Peru bans genetically modified organisms

Peru bans genetically modified organisms
Peru bans genetically modified organisms

One of the Corporate Stances the Dominican Sisters of Springfield, Illinois adopted in June 2004 calls for a moratorium on the planting of genetically modified organisms or GMOs until they can be proven safe. In a groundbreaking new law Peru banned genetically modified foods for 10 years. The Springfield Dominican Sisters minister in Peru in Jarpa and La Oroya and surrounding rural areas, as well as in the capital city of Lima.

The Peruvian government established on Thursday, November 15,  2012  that for ten years the import and use of living modified organisms (LMOs), otherwise known as GMOs, will not be allowed in Peru. The PERUVIAN TIMES  stated, “Besides protecting an increasing export industry of organic and native products,  the ban protects Peru’s exceptionally varied native plant species —the import and use of GM seeds for corn, for example, would eventually destroy the differentiated and multicolored species grown in the Andean region.” The Andina Peru News Agency noted, “native fish and other species in nature can be displaced by genetically modified fish or affected by excessive use of herbicides, fungicides and other chemicals.” The new Peruvian ruling takes the position that analysis of genetic material will need to be regulated by accredited laboratories to determine potential GMOs. Fines for violating the law can be up to fourteen million US Dollars.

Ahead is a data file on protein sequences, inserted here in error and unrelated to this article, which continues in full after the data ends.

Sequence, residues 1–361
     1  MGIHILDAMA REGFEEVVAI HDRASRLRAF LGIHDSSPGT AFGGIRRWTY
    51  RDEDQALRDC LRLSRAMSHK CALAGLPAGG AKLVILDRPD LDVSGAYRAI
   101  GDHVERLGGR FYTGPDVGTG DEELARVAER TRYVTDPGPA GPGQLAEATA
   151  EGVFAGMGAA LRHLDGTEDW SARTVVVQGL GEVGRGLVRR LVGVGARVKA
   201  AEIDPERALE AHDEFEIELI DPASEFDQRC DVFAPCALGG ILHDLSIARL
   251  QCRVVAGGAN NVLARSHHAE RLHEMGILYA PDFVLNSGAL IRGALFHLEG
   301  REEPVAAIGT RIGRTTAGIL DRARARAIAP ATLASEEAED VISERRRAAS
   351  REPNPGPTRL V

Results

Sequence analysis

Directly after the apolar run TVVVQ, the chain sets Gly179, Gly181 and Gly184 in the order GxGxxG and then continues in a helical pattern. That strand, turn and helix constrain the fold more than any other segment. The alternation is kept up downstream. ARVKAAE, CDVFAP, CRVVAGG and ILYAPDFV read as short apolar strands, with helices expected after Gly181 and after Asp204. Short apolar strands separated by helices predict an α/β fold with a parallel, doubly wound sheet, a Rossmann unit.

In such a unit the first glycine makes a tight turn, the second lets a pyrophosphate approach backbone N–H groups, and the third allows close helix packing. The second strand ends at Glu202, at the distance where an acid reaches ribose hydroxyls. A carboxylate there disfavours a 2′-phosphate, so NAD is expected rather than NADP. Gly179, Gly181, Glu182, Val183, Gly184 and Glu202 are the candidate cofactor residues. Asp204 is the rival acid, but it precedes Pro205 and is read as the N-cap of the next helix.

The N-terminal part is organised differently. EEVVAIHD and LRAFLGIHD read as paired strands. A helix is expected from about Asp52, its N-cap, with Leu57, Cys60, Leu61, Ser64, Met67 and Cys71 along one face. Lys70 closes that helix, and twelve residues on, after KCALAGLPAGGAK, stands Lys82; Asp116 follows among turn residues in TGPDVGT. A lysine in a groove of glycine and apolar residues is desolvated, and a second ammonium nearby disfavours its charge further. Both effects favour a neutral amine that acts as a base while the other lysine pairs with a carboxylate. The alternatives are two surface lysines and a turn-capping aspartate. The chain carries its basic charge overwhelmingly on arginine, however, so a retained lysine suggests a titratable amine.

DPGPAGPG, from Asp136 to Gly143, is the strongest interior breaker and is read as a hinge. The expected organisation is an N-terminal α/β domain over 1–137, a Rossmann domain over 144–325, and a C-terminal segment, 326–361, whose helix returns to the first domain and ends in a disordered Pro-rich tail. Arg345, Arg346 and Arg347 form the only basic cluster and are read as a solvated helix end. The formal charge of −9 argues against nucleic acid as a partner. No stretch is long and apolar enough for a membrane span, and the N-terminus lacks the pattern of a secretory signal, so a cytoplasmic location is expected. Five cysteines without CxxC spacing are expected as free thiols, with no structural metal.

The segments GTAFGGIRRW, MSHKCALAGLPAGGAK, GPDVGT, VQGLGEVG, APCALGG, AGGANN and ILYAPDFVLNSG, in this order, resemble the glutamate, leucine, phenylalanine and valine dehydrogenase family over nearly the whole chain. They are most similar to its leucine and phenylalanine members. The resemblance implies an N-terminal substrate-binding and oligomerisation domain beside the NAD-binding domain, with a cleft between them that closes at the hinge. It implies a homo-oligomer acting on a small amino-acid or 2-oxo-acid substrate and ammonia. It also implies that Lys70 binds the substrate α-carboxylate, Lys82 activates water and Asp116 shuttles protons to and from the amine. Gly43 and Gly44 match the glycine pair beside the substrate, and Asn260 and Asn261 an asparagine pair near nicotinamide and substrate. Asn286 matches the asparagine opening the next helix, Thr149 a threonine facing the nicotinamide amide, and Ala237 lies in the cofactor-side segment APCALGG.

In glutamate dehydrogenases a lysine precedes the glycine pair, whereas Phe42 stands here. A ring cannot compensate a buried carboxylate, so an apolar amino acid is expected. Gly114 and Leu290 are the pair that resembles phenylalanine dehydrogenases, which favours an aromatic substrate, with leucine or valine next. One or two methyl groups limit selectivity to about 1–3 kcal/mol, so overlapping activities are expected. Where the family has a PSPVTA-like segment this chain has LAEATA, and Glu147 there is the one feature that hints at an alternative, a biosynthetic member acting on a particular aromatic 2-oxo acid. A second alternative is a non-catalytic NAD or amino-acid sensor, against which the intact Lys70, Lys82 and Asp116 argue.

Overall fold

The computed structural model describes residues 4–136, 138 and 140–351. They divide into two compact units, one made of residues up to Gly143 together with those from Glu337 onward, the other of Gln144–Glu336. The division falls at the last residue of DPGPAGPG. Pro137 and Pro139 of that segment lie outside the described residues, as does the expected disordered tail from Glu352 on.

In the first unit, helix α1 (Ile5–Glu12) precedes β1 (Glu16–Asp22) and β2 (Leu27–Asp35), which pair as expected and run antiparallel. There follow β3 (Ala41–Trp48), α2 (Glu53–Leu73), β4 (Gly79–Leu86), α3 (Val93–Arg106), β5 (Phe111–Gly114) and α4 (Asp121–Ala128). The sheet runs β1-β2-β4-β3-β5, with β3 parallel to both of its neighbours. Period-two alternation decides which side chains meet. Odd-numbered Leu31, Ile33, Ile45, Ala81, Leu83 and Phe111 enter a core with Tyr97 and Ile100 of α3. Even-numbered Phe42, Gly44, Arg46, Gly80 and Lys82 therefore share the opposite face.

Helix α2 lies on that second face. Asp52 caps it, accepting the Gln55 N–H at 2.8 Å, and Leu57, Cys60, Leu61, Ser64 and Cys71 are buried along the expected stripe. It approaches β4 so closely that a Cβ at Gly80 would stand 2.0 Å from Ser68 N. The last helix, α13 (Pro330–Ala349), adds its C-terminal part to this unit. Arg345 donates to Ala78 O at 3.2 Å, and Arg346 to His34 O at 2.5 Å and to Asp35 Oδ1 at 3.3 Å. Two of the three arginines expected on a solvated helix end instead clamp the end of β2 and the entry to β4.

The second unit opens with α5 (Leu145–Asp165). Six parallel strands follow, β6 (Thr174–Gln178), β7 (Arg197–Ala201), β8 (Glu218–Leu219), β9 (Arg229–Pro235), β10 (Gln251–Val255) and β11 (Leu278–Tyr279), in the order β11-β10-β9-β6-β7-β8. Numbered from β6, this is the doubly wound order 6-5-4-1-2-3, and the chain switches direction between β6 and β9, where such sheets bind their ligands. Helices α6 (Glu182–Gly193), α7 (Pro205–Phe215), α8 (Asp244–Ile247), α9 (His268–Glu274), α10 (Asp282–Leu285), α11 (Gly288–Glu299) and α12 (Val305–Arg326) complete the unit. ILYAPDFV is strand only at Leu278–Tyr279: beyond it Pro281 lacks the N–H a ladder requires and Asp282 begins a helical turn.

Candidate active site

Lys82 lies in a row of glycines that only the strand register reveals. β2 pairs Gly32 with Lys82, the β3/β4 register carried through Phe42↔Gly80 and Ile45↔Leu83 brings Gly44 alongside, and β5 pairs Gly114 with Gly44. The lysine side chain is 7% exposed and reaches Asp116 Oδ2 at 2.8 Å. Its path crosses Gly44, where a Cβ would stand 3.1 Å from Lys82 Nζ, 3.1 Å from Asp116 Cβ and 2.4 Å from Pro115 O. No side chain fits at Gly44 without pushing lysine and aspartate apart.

The Sisters support a moratorium on the planting of genetically engineered organisms and until such time as this technology is proven safe, all foods containing genetically engineered ingredients should be labeled.

 

(Peru flag illustration credit to www.freeflagicons.com)

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